Just different

Japan is just different

Plastic food, white gloves, love of trains, pachinoko, toilets, manholes, social distance and futons. Japan is just different in so many different ways. Read about some of the differences I've experienced in Japan during my visits.

Japan is different – white gloves April 7, 2019 Something I noticed when travelling around Japan was the number of people wearing white gloves. Almost all drivers - taxi drivers, bus drivers and train drivers and conductors, most often, but not always wear white gloves. But it's not only drivers- the police and postal workers also wear them. When I looked into it, there was no real answer why. The Japanese Times reports that the police started weraing them when the Beatles came to Japan in 1966. At the time, the only police who used white gloves were the Imperial Guard, but the police chief at that time, concerned… Read more >
Japan is different – trains April 10, 2019 The Japanese love trains - no matter if it's a ultra-modern high speed bullet train, or very slow local train - and local trains are very slow. You can see this in many different ways. Japan rail personel salute the incoming shinkansen, the platform supervisor salutes the leaving train. Train conductors bow and say hello and goodbye as they enter and leave a carriage. It takes so little time and effort, does it make a difference, perhaps not, but a show of politeness and respect to the people travelling on the tarin and ultimately paying their wages. The Japanese love… Read more >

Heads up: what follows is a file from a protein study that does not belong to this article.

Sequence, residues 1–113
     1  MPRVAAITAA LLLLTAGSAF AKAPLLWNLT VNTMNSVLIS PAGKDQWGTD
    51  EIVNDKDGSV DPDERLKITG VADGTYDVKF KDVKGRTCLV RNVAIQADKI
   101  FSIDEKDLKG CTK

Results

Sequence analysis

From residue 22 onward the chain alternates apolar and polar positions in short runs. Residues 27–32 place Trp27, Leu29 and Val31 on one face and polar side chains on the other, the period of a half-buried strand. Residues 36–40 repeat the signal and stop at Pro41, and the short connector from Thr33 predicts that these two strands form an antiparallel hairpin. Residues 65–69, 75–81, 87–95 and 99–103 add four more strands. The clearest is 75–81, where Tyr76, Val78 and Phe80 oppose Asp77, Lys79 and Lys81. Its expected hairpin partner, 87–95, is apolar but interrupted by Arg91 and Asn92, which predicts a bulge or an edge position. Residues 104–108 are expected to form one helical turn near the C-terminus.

Japan is different – toilets April 15, 2019 In the same way that Japan is at the technological forefront when it comes to trains, so it is with toilets. Warm toilet seats, integrated bidet with sprinkle or shower, water pressure level, positioning (and much more), automatic flushing when you stand up, and even a water sound simulator to drown out the sound of you going about your business. And it even comes with an important safeguards sign, just to make sure you don't wash yourself down the toilet Not all toilets are however, equally high tech, and not least the further you come out into the countryside, the… Read more >
Japan is different – taxi, futon, eating, distance and trash April 18, 2019 I've already mentioned trains, toilets and white gloves, here are 5 more differences between between Europe and Japan. Taxi red and green The first time I tried to hail a taxi, they all drove past. As in many countries, Japanese taxis have a red and green light on the roof. I let the taxis with a red light pass by, but non of the taxis with green light on, ever stopped. Then I realised! In Japan it's opposite - red indicates it is empty and green that it is occupied. Sleeping on a futon If you stay at a Japanese… Read more >
Japan is different – plastic food, queueing, hygene, public baths, stamp books April 22, 2019 Continuing the the theme of differences, here are some more things that are very different in Japan. In this post I look at plastic food, queueing, hygiene, public baths and proof of visiting. Plastic food Many Japanese restaurants show the food they serve in their window, but it isn't freshly made food, but plastic food. The picture above shows some of the countless sushi pieces that can be purchased, and below a shop front in Matsuyama. More often than not, you cannot see into a Japanese restaurant, which for a westerner, is often a problem - an empty restaurant most… Read more >
Japan is different – Pachinoko, manholes, vending machines, breakfast, shopping streets April 23, 2019 Pachinoko - Japanese pinball Upon entering a pachinko parlour for the first time, the first thing that hits you is the fog of cigarette smoke. Inside you'll find row upon row of pachinko machines and lots of noise, not least bells and cartoon voices. Mostly male players are watching silver balls bounce around (pachin refers to the sound of the ‘ko’, or ball), hoping they will fall down into the winning centre hole. The more balls they win, the more cash they will get. The winner can swap the thousands of winning silver balls for a receipt, which in turn was swappable… Read more >